For individual investors in the United States, pressuring a company to green up is often impractical or even impossible. Retail investors hold the bulk of their equities in employer plans such as 401(k)s, and often in index funds. They might own hundreds or even thousands of stocks in one fund. “We cannot expect individual shareholders to express an opinion on all ballots of all the companies they own,” write Harvard’s Oliver Hart and Chicago Booth’s Luigi Zingales in recent research they did on the topic.

Moreover, rules for retirement funds instituted in the Employee Retirement Income Security Act of 1974 focus on maximizing financial rather than social value. In this case, Zingales says, “fiduciary duty creates a constraint.”

But could that change? Proxy-ballot advisors employ groups of analysts to provide guidelines for institutional funds on how they should cast votes on corporate ballots. BlackRock, the world’s largest asset manager, is giving its institutional investors the ability to participate in voting decisions on proposals raised at companies they indirectly own in certain funds, and hopes to expand the initiative to individual investors, beginning with a pilot involving a UK-based mutual fund.

There may be other options, too, for individual investors. Hart and Zingales note that Institutional Shareholder Services, one proxy advisor, has six sets of voting guidelines geared toward specific special interest groups—in essence a detailed version of a political platform. Why not let retail investors access such proxy services, choose their own set of guidelines, then request that fund managers vote on their behalf? While this is an imperfect suggestion—for one thing, proxy advisors too often “give one-size-fits-all recommendations,” says London Business School’s Alex Edmans—it would give small investors some voice. Plus, it could spur a market for such services, meaning there may ultimately be more voting choices for investors.

Additionally, mutual funds could solicit investors’ voting preferences and then cast corporate ballots accordingly, Hart and Zingales suggest. They propose that large fund managers might offer green funds that not only promote sustainability but also feature specific voting strategies. For example, Vanguard could run a “light green” S&P 500 fund that would commit to voting for all shareholder resolutions that promote a green economy, as long as their cost of reducing emissions did not exceed $100 per ton. A “dark green” fund could raise that cap to $200 per ton. The fund might charge a fee for each dollar invested to cover the cost of putting forward shareholder ballot proposals.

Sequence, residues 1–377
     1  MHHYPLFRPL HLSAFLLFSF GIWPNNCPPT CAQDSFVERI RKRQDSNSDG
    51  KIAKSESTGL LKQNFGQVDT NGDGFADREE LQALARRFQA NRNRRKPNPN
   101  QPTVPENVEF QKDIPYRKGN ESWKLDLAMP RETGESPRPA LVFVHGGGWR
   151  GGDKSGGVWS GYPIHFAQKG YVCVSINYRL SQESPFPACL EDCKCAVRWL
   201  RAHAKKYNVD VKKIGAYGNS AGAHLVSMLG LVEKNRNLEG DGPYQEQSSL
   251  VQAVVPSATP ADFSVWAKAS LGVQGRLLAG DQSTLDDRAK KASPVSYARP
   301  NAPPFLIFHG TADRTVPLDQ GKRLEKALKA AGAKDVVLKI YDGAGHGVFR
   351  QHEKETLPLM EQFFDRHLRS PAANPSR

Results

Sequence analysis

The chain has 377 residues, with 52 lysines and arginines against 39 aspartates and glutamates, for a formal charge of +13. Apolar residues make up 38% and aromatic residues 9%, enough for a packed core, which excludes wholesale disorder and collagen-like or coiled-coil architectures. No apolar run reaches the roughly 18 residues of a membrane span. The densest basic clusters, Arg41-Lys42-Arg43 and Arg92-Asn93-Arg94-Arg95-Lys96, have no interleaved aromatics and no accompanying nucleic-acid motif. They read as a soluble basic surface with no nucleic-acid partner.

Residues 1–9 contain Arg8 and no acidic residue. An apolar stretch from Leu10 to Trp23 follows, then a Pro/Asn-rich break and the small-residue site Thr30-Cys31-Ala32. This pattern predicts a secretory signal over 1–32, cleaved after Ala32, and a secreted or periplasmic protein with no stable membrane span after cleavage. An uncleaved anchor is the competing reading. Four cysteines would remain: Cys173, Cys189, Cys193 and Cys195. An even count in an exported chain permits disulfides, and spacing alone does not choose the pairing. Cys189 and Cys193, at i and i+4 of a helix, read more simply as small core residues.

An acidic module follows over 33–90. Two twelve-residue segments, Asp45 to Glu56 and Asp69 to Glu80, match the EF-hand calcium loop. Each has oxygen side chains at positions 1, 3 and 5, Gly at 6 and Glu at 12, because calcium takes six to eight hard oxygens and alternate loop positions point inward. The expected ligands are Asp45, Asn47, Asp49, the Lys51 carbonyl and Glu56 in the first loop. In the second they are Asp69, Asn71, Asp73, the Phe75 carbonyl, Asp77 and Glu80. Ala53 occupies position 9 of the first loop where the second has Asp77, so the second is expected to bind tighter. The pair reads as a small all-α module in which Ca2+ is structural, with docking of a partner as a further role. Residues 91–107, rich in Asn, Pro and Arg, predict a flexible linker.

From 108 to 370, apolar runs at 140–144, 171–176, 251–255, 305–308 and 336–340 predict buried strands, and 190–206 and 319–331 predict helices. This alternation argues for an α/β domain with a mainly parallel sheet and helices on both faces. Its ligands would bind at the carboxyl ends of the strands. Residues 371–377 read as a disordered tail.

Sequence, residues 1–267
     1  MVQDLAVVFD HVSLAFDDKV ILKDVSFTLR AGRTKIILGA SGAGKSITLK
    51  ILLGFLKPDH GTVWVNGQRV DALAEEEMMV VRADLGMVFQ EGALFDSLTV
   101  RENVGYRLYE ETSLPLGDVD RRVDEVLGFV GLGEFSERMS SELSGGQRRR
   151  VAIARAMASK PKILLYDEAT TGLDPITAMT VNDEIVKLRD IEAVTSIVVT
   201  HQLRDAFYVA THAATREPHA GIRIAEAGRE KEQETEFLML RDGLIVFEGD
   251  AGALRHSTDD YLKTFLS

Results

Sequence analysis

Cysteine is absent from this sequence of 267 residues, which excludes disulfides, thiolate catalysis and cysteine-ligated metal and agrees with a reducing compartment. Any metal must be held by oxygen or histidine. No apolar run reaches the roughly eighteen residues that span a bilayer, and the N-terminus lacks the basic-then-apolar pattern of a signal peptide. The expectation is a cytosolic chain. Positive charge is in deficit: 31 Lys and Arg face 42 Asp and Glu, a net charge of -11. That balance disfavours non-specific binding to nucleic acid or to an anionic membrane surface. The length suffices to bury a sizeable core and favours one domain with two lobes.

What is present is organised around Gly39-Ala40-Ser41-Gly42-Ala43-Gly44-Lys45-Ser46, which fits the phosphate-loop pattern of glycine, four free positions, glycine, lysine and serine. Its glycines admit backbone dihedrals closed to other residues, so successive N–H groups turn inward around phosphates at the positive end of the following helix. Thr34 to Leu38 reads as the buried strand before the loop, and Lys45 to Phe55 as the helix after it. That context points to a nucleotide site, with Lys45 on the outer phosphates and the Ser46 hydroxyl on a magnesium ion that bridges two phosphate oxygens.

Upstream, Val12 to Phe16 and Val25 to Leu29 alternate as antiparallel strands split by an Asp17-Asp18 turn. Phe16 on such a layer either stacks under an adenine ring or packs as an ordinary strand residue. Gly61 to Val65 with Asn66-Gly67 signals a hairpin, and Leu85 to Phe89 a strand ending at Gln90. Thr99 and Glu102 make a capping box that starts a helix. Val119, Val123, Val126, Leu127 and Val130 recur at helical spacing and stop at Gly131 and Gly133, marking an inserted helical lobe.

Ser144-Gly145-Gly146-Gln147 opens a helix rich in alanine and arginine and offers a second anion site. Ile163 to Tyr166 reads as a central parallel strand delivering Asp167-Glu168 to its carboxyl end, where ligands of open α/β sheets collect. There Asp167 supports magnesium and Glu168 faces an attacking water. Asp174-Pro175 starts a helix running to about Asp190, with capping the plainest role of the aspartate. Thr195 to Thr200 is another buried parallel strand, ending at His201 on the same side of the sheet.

Vice chair of ValueEdge Advisors Nell Minow notes that facilitating shareholder voice could be a selling point for index funds, which do not have the option of exit. “The best way for index funds to distinguish themselves in the market is to disclose a robust proxy-voting policy,” she says. “Someday mutual funds and index funds will be rated on their voting the way they are on their performance.”

Small investors can work with institutional intermediaries to make their voices heard—something that is already happening. Hedge fund Engine No. 1, for example, partnered with robo-advisor Betterment in July 2021 to offer its Transform 500 ETF (VOTE) to Betterment’s investors. Since adding the fund to its lineup, Betterment has conducted polls asking investors which corporate issues they most want VOTE to tackle, allowing them more voice than simply putting money into the ETF.

In its first survey of investors in its Socially Responsible Investing program after integrating the VOTE ETF into its offerings, Betterment learned that 60 percent of investors wanted Engine No. 1 to push oil and gas companies to transition away from fossil fuels. In a second survey, Betterment asked investors their opinions on other, live shareholder proposals including at Amazon and Exxon. A majority of respondents supported the proposals, and their votes aligned with those cast by VOTE ETF managers.

Giving investors more of a voice could address a common critique of the idea of companies considering shareholder welfare, not just shareholder value. While the latter is measured by share price, welfare isn’t as easily quantified. “It’s difficult for a corporation to determine what shareholder welfare really is,” says Booth’s Lubos Pastor, who is studying how green investing affects financial markets. “How do a few people in the boardroom know what their millions of shareholders really care about? Especially in the situation where half of their shareholders believe in one thing and the other half believe in something different, how do these people in the boardroom decide which have got to get their way?” (For more, read “How do companies measure their CSR impact?”)

While the idea is nascent, aggregating retail investors’ votes could provide useful data that consolidates their voices. “Shareholders are ordinary people who care about money, but also about other things, such as environmental and social issues,” says University of Trento’s Eleonora Broccardo, who conducted research on investor activism with Hart and Zingales. “It is incorrect to think that they only want to maximize their profit, no matter what the impact on others, or on the environment, is. . . . Investors should be given the chance to vote on companies’ investments that are slightly less profitable but allow for better, and desired, social outcomes.”

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